When intact human erythrocytes were treated with phospholipase C (Clostridium perfringens), up to 30% of the membrane phospholipids were broken down without significant cell lysis. Only phosphatidylcholine and sphingomyelin were attacked. Ceramide (derived from sphingomyelin) accumulated, but 1,2-diacylglycerol (derived from phosphatidylcholine) was largely converted into phosphatidate. Up to 12% of the cell phospholipid could be converted into phosphatidate in this way. Pig erythrocytes and lymphocytes showed a similar but smaller synthesis of phosphatidate after phospholipase C attack. Phospholipase C also caused a marked morphological change in erythrocytes, giving rise to spherical cells containing internal membrane vesicles. This change appeared to be due to ceramide and diacylglycerol accumulation rather than to increased phosphatidate content of the cells.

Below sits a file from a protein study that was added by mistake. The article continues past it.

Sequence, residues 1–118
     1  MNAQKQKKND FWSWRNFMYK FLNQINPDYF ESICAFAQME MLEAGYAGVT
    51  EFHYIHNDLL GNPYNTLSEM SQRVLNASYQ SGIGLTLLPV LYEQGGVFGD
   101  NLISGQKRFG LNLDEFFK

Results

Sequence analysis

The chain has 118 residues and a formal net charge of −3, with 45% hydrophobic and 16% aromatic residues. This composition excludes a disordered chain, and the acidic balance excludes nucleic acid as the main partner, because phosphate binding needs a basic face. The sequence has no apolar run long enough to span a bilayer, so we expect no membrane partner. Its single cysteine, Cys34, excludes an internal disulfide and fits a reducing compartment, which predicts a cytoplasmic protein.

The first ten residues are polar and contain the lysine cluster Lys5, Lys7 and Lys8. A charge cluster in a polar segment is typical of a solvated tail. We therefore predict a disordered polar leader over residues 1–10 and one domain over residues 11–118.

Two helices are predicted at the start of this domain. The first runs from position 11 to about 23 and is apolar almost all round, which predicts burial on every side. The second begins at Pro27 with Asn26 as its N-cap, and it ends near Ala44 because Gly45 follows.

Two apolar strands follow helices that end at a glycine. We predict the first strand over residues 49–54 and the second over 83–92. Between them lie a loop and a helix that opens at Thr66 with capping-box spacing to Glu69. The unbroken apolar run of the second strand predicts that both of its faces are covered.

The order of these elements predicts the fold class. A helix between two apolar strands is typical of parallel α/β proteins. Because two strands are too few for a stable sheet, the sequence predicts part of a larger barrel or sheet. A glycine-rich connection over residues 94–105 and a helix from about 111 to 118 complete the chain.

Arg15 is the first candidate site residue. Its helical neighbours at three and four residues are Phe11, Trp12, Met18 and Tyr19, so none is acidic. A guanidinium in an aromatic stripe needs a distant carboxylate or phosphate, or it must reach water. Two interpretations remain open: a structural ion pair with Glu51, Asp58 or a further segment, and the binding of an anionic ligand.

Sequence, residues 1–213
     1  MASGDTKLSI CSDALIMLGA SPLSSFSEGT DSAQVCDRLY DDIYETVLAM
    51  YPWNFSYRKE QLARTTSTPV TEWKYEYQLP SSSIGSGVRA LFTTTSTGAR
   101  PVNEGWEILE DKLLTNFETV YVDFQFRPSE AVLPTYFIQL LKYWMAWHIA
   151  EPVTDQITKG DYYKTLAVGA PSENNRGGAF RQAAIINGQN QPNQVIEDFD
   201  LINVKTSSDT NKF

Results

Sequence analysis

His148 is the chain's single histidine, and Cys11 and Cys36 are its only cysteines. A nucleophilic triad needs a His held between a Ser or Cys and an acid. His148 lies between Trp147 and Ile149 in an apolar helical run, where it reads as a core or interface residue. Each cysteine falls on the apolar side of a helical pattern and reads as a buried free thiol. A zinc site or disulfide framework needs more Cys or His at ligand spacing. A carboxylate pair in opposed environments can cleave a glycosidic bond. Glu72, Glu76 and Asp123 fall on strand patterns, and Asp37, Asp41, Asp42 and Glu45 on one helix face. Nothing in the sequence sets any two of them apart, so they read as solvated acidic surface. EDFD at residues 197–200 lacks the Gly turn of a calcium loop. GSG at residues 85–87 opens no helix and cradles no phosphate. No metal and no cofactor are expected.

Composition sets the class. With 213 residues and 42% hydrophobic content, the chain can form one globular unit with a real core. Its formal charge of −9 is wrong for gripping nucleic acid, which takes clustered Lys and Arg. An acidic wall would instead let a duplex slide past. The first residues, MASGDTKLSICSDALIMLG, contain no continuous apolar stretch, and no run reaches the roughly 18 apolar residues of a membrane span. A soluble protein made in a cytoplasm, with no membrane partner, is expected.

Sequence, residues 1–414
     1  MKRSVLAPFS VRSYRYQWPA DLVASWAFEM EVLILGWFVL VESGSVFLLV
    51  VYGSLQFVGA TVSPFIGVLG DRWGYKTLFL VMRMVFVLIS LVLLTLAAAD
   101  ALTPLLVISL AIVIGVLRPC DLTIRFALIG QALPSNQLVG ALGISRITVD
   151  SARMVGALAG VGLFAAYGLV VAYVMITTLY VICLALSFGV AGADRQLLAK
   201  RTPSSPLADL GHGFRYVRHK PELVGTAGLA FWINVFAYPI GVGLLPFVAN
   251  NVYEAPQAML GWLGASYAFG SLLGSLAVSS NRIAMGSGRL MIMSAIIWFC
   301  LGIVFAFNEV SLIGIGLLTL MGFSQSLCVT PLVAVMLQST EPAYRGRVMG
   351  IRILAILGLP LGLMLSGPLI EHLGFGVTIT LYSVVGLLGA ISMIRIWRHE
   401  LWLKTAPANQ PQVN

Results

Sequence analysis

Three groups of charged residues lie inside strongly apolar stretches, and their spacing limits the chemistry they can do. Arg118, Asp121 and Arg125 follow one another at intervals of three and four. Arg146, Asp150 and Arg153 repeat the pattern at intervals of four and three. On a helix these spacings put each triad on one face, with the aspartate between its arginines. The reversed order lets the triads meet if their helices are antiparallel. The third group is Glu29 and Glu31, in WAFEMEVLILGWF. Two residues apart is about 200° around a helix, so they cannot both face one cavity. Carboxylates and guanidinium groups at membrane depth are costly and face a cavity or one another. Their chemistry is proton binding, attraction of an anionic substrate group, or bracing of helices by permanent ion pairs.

ASJC Scopus subject areas
- Cell Biology